1. Pediatr Diabetes. 2006 Aug;7 Suppl 4:32-8. Hypoglycemia and ketoacidosis with insulin pump therapy in children andadolescents. (1)Department of Pediatrics, Uddevalla Hospital, Uddevalla, Sweden. [email protected] This review deals with the two most serious side effects encountered with insulinpump therapy, severe hypoglycemia and diabetic ketoacidosis (DKA). Althoughclinical follow-up studies reported decreased rates of severe hypoglycemia,randomized studies have not confirmed this, showing no difference between thepump and injection groups. Less-severe hypoglycemia (mild/moderate/symptomatichypoglycemia) was found to be more common with pump use. Some patients haveinadvertently dosed or overdosed while awake or during sleep, causing fataloutcome in rare cases. Population-based or retrospective clinical studiesreported a low rate of DKA in pump users that was still a higher rate than those using injection therapy, at least in some countries. In research settings and forpatients with good compliance and adequate family support, the risk of DKA seems lower; many short-term studies report no DKA at all, possibly due to theincreased attention given to participants. The use of continuous subcutaneousinsulin infusion (CSII) seems to decrease the risk in patients who had recurrent DKA before pump start. Most episodes of DKA occur early after pump start,suggesting a learning curve occurs in all new forms of treatment. Increasedteaching and awareness programs are vital to prevent severe hypoglycemia and DKA in children and adolescents using insulin pumps. Diabetic Ketoacidosis/chemically induced* Continue reading >>

Dka In Hypoglycemia

Dka In Hypoglycemia

#2 0 They are two different entities. While they will both cause acidosis the mechanism of acidosis is different. DKA is from ketosis and acidosis from Hypoglycamia is lactic acid. Is this what you are asking? Diabetic ketoacidosis (DKA) results from dehydration during a state of relative insulin deficiency, associated with high blood levels of sugar level and organic acids called ketones. Diabetic ketoacidosis is associated with significant disturbances of the body's chemistry. Diabetic ketoacidosis occurs when a person with diabetes becomes dehydrated. As the body produces a stress response, hormones (unopposed by insulin due to the insulin deficiency) begin to break down muscle, fat, and liver cells into glucose (sugar) and fatty acids for use as fuel. These hormones include glucagon, growth hormone, and adrenaline. These fatty acids are converted to ketones by a process called oxidation. The body consumes its own muscle, fat, and liver cells for fuel. In diabetic ketoacidosis, the body shifts from its normal fed metabolism (using carbohydrates for fuel) to a fasting state (using fat for fuel). The resulting increase in blood sugar occurs, because insulin is unavailable to transport sugar into cells for future use. As blood sugar levels rise, the kidneys cannot retain the extra sugar, which is dumped into the urine, thereby increasing urination and causing dehydration. Commonly, about 10% of total body fluids are lost as the patient slips into diabetic ketoacidosis. Significant loss of potassium and other salts in the excessive urination is also common. Diabetic Ketoacidosis Causes, Symptoms, and Treatment by eMedicineHealth.com An insulin reaction occurs when a person with diabetes becomes confused or even unconscious because of hypoglycemia (hypo=low + glycol = sug Continue reading >>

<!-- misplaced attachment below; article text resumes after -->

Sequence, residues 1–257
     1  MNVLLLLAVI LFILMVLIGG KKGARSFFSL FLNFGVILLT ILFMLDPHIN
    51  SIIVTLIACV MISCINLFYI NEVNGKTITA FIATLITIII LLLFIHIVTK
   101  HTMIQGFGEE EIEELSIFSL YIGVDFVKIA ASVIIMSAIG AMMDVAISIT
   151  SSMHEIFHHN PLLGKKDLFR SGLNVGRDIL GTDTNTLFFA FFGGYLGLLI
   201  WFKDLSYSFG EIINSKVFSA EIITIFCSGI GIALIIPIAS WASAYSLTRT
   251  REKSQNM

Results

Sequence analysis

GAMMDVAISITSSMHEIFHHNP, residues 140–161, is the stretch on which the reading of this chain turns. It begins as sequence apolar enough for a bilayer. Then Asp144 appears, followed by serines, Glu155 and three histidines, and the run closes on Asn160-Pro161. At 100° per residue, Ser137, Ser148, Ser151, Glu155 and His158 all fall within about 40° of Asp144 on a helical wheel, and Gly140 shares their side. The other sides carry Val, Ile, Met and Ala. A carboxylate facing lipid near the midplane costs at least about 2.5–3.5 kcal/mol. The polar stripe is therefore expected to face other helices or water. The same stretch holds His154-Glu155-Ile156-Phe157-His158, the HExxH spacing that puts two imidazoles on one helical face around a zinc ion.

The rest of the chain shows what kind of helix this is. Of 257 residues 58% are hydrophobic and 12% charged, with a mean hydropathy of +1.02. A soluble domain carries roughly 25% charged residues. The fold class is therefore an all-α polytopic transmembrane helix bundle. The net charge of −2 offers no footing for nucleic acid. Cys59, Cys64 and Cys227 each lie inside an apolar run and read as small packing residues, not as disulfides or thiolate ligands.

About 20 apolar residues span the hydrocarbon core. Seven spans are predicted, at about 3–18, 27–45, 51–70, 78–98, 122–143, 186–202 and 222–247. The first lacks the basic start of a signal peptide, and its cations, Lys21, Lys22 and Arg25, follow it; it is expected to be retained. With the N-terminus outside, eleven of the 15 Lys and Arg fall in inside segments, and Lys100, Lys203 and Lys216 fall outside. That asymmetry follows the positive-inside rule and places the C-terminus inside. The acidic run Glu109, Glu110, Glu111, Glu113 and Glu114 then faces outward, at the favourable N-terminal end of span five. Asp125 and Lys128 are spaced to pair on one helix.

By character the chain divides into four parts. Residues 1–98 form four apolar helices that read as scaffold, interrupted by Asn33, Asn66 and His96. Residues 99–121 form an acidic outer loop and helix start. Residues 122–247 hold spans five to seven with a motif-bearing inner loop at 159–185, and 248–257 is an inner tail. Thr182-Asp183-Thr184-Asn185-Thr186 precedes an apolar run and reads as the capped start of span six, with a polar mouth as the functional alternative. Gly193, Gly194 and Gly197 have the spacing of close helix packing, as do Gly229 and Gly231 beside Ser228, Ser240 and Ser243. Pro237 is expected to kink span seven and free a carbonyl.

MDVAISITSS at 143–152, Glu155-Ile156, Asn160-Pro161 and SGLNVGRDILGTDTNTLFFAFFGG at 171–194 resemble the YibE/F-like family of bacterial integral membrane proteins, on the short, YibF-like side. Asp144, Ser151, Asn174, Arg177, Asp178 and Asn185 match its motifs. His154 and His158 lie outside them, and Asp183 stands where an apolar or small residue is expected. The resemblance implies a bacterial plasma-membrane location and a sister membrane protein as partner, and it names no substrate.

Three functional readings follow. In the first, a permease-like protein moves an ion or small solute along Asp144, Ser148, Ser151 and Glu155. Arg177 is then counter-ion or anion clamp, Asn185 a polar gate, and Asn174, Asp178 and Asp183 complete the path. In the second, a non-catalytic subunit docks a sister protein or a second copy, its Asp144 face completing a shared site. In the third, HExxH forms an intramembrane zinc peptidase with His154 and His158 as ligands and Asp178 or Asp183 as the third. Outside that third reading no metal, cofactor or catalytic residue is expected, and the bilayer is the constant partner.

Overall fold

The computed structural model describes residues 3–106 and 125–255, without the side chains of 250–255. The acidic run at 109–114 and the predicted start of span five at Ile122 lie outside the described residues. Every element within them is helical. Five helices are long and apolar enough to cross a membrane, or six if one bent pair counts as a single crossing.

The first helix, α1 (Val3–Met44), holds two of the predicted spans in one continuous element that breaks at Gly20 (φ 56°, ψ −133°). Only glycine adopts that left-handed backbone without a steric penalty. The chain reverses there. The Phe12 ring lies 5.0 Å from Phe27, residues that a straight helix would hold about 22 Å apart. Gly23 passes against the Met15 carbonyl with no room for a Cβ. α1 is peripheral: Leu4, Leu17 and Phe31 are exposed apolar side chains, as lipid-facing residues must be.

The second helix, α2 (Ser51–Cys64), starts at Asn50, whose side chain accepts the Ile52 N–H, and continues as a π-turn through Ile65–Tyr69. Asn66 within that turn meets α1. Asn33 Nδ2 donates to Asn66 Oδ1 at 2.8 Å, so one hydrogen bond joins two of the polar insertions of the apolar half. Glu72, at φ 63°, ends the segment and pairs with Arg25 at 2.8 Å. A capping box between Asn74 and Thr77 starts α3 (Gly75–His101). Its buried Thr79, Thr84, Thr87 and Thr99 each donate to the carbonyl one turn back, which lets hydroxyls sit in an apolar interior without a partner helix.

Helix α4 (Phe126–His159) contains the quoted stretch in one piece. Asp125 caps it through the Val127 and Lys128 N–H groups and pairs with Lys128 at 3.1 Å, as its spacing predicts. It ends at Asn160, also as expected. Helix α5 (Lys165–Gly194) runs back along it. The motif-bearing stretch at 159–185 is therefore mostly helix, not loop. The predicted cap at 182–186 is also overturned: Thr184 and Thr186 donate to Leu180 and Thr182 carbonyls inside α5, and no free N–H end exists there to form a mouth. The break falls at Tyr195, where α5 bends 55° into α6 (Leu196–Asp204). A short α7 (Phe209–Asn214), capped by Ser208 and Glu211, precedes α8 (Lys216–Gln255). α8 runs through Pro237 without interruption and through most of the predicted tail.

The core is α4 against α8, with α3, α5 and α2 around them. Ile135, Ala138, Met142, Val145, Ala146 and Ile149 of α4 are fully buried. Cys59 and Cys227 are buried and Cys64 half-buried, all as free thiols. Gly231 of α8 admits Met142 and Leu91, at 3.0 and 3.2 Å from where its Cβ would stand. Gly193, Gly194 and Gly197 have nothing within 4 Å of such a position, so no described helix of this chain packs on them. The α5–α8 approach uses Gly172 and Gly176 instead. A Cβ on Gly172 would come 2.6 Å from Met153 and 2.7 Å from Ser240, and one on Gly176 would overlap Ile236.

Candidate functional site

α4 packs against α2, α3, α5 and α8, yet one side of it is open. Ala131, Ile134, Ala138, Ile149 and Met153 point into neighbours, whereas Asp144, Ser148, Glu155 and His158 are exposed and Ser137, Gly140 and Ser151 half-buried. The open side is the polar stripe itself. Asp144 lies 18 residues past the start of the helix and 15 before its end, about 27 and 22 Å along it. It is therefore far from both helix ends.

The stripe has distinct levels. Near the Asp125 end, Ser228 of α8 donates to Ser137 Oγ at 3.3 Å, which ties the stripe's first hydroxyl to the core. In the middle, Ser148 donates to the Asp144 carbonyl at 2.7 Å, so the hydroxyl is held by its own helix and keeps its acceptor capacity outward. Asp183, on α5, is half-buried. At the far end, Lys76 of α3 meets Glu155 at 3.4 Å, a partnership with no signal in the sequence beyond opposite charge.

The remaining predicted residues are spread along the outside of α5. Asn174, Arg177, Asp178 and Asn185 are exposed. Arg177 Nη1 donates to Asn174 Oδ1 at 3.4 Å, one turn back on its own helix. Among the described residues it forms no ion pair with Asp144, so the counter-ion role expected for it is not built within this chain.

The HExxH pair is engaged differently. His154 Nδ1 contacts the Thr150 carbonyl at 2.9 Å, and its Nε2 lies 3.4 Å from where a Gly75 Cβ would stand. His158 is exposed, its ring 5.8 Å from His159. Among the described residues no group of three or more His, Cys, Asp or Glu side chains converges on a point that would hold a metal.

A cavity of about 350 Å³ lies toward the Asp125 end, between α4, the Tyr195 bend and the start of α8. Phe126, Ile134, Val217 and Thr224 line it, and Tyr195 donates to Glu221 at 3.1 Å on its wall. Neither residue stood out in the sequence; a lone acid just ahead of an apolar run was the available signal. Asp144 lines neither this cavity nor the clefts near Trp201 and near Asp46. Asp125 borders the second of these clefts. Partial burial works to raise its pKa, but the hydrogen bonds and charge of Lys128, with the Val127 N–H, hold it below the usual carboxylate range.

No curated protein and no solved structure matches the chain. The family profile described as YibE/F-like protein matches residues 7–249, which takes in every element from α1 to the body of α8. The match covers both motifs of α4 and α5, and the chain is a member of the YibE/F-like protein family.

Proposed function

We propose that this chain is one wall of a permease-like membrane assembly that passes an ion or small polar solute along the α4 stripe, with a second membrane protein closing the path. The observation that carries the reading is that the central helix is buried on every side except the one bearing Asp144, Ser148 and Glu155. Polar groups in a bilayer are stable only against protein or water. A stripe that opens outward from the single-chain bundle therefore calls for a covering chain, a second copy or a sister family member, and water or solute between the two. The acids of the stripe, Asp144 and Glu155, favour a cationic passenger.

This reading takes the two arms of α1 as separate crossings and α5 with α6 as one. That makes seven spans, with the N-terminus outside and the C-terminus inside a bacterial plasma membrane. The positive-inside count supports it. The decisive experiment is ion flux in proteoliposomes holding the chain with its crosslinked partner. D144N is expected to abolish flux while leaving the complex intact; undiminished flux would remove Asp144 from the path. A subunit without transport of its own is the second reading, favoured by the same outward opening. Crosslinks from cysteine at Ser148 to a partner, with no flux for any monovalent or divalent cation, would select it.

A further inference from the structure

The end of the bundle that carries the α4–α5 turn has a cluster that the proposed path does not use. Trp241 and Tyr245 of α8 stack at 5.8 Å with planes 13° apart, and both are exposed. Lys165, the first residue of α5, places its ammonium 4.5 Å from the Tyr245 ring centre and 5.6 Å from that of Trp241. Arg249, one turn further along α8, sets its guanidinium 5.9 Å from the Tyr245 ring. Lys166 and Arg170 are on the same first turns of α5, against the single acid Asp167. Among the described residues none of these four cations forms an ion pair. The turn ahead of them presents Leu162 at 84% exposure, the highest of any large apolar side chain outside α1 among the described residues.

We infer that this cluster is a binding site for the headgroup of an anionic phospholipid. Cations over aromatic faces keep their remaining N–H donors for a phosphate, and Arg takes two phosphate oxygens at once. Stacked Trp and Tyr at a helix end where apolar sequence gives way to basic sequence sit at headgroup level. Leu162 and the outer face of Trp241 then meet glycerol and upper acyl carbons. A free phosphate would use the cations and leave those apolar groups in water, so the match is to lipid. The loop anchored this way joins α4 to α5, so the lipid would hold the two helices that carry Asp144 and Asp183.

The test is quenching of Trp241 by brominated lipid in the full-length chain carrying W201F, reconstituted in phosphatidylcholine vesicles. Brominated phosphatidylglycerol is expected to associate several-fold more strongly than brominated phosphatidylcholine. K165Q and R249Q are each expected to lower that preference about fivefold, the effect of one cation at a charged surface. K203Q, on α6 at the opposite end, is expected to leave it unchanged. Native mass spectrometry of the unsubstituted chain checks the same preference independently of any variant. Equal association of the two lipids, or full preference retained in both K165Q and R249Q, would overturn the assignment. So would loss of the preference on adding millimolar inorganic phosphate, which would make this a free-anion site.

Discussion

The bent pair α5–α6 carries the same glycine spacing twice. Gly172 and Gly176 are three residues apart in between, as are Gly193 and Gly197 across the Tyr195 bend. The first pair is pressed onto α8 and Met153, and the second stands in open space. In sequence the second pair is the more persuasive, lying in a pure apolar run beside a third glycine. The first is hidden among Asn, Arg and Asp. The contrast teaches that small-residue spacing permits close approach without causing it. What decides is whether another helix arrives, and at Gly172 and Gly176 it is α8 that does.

Diabetic Ketoacidosis And Hypoglycemia

Diabetic Ketoacidosis And Hypoglycemia